16. The method of claim 15 wherein identifying regions of the RNA binding protein that interact with the RNA binding proteins is accomplished by detecting interactions between the one or more RNA molecules and portions of the RNA binding protein.
17. A method of identifying compounds that modulate interaction of RNA molecules and the RNA binding protein, the method comprising
detecting interactions according to the method of claim 10 and
forming a test solution comprising the one or more RNA molecules, the buffer components, and a test compound, wherein the buffer components are the same as those in the binding solution,
heating the test solution for a time and to a temperature sufficient to denature the one or more RNA molecules,
cooling the test solution,
adding the RNA binding protein to the test solution,
detecting interactions between the one or more RNA molecules and the RNA binding protein in the test solution, and
comparing the interactions detected in the binding solution with the interactions detected in the test solution,
wherein the test compound is identified as a compound that modulates interaction of the RNA molecules and the RNA binding protein if the interactions detected in the binding solution and the interactions detected in the test solution differ.
18. The method of claim 1 wherein the binding solution consists of one RNA molecule and the buffer components.
19. The method of claim 18 wherein the RNA molecule is encoded by a gene of interest.
20. A method of identifying RNA binding proteins that interact with the RNA molecule, the method comprising detecting interactions according to the method of claim 19 and identifying the RNA binding proteins that interact with the RNA molecule, wherein identifying RNA binding proteins that interact with the RNA molecule is accomplished by analyzing the RNA binding proteins involved in the interactions.
21. The method of claim 20 wherein analyzing the RNA binding proteins involved in the interactions is accomplished by antibody detection, peptide mapping, or amino acid sequencing.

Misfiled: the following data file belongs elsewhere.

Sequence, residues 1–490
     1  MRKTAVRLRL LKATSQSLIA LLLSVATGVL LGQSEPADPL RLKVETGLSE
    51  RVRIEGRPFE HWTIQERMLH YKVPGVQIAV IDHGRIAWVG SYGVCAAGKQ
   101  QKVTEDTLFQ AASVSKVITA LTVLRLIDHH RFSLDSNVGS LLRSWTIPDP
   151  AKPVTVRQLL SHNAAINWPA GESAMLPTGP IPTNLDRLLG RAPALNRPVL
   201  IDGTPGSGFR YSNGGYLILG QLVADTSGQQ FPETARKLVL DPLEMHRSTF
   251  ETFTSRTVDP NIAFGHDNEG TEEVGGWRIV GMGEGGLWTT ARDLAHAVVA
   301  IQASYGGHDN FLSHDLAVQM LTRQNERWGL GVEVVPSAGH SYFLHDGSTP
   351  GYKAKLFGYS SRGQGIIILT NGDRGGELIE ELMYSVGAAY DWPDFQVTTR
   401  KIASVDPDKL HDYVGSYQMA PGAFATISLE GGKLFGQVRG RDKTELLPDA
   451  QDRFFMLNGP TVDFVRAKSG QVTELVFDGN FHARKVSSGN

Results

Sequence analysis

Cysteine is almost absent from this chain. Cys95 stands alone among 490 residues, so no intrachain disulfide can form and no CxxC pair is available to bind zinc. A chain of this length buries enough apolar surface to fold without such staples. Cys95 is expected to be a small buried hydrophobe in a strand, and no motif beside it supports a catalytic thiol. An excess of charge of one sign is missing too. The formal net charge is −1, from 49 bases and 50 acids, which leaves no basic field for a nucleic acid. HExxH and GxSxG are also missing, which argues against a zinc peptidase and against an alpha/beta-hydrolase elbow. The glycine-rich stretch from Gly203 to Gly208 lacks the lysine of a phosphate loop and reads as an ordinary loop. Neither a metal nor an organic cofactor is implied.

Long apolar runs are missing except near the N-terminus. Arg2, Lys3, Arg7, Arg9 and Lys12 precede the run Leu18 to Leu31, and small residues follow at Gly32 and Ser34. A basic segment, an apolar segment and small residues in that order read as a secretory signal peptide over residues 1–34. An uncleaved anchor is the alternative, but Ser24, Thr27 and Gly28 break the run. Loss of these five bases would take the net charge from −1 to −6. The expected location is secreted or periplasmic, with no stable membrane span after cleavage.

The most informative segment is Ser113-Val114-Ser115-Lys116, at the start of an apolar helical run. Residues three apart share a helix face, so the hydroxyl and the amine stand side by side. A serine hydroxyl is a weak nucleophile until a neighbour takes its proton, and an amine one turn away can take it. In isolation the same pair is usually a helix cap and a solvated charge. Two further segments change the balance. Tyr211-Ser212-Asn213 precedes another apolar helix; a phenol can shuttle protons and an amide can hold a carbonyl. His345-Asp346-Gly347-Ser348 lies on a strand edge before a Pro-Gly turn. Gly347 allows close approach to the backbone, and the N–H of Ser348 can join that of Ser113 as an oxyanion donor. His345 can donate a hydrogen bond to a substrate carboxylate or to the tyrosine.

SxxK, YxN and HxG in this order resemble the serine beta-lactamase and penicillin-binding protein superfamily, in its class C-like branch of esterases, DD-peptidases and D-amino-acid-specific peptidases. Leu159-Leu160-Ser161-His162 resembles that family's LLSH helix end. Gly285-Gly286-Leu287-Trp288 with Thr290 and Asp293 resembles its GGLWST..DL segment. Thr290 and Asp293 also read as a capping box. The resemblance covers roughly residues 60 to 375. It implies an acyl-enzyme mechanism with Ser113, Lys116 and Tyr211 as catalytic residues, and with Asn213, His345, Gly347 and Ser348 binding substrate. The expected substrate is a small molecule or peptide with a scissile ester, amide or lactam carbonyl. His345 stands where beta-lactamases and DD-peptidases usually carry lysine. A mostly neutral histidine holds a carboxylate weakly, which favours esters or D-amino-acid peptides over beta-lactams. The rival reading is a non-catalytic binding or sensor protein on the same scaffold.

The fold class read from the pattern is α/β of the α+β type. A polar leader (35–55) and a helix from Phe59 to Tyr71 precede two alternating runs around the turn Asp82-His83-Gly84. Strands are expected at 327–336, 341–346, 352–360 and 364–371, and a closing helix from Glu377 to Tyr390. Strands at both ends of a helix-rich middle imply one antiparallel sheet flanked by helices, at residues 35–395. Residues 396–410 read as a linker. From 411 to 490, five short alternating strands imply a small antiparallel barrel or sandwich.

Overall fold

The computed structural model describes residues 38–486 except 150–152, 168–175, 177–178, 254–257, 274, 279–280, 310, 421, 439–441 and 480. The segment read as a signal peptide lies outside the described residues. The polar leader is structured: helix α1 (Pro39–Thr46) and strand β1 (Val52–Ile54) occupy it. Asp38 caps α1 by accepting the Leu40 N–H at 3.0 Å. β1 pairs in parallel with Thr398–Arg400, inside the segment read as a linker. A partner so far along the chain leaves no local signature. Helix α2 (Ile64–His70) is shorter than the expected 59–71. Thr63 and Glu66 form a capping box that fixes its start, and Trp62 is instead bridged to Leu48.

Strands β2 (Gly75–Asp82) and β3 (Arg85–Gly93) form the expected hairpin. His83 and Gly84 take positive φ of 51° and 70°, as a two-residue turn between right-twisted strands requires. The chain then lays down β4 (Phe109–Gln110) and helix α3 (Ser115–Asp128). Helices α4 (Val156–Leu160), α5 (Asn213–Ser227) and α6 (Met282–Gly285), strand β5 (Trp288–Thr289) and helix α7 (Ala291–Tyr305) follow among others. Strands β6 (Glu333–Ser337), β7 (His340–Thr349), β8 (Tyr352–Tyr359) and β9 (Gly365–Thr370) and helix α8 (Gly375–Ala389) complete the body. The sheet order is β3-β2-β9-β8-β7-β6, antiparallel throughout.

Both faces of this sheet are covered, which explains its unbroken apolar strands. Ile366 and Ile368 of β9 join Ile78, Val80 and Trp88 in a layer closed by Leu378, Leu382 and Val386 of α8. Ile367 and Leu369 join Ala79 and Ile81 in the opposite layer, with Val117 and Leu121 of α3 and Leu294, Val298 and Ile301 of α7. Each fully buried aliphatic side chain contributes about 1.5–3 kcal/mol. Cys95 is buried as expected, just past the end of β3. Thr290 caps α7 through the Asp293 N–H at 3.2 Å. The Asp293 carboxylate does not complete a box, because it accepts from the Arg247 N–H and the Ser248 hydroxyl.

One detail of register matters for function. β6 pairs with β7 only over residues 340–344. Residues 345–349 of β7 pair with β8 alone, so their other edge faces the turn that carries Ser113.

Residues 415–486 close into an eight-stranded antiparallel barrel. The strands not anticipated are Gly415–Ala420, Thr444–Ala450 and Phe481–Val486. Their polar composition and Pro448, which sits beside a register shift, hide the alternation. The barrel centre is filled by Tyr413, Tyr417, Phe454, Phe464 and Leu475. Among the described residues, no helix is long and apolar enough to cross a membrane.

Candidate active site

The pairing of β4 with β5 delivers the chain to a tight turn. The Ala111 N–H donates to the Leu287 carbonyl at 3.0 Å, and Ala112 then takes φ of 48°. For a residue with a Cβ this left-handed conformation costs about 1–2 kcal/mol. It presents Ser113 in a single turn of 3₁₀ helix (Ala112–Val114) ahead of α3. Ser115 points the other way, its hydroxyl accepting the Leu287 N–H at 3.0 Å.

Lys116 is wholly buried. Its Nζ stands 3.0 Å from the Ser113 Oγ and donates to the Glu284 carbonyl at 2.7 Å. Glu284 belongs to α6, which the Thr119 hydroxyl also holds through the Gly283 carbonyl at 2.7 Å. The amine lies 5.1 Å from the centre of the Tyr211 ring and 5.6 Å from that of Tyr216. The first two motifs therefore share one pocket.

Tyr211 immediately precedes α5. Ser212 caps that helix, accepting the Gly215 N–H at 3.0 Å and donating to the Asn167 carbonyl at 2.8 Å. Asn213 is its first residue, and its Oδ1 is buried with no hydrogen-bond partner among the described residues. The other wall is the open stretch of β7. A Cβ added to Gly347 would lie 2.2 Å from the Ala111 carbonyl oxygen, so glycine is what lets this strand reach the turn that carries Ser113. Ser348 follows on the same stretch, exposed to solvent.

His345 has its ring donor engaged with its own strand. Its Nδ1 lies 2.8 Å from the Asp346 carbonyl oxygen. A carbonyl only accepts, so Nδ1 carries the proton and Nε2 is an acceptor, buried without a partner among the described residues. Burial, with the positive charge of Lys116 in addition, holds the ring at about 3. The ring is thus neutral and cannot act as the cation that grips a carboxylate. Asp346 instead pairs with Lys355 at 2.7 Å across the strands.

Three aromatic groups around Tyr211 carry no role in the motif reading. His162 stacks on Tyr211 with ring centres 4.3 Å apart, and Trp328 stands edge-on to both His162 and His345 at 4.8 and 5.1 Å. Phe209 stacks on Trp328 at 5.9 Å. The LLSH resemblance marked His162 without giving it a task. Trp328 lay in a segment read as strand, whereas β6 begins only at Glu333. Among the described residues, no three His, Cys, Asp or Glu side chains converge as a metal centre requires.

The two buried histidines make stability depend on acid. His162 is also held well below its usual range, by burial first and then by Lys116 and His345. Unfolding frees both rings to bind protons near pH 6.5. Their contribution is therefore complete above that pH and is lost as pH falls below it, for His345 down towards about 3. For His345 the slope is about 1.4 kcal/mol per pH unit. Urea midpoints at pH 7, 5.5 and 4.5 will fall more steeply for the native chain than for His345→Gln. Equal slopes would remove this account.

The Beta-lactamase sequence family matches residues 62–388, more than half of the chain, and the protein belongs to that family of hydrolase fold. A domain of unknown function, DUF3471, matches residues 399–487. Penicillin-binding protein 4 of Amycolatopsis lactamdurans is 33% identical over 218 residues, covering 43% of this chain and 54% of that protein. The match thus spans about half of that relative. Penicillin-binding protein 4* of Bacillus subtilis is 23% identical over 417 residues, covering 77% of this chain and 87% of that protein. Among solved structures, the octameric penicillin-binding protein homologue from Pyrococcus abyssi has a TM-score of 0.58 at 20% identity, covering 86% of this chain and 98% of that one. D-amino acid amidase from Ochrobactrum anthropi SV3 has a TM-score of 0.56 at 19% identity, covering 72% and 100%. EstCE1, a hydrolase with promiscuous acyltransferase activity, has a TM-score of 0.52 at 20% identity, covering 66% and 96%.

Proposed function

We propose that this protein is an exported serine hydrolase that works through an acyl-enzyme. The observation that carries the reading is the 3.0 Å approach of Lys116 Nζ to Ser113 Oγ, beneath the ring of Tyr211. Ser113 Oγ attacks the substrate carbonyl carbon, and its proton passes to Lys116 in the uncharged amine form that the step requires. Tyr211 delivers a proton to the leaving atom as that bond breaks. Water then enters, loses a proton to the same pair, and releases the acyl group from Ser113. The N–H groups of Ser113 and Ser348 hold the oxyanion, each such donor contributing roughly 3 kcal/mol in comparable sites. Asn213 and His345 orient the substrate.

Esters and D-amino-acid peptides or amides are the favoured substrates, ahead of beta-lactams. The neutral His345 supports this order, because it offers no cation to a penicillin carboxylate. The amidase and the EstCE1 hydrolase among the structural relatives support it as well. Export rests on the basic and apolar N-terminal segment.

22. The method of claim 18 further comprising comparing the interactions of the one or more RNA binding proteins and the RNA molecule in the presence and absence of one or more competing RNA molecules.
23. The method of claim 18 further comprising identifying regions in the RNA molecule that interact with the one or more RNA binding proteins.
24. The method of claim 23 wherein identifying regions of the RNA molecule that interact with the RNA binding proteins is accomplished by analyzing the RNA molecule involved in the interactions.
25. The method of claim 24 wherein analyzing the RNA molecule involved in the interactions is accomplished by digesting unprotected regions of the RNA molecule involved in the interactions and nucleic acid sequencing.
26. A method of identifying compounds that modulate interaction of RNA binding proteins and the RNA molecule, the method comprising
detecting interactions according to the method of claim 18 and
forming a test solution comprising the RNA molecule, the buffer components, and a test compound, wherein the buffer components are the same as those in the binding solution,
heating the test solution for a time and to a temperature sufficient to denature the one or more RNA molecules,
cooling the test solution,
adding the one or more RNA binding proteins to the test solution,
detecting interactions between the one or more RNA binding proteins and the RNA molecule in the test solution, and
comparing the interactions detected in the binding solution with the interactions detected in the test solution,
wherein the test compound is identified as a compound that modulates interaction of the RNA binding proteins and the RNA molecule if the interactions detected in the binding solution and the interactions detected in the test solution differ.
27. A method for detecting interactions between RNA binding proteins and RNA molecules, the method comprising
(a) selecting conditions that permit detection of interactions between RNA binding proteins and each of amyloid precursor protein untranslated region, AUUUA, and poly(A),
(b) forming a binding solution comprising one or more different RNA molecules, and buffer components comprising a buffer, a monovalent cation, a divalent cation, a reducing agent, and a density agent for enhancing gel band quality,
(c) heating the binding solution for a time and to a temperature sufficient to denature the one or more RNA molecules,
(d) cooling the binding solution,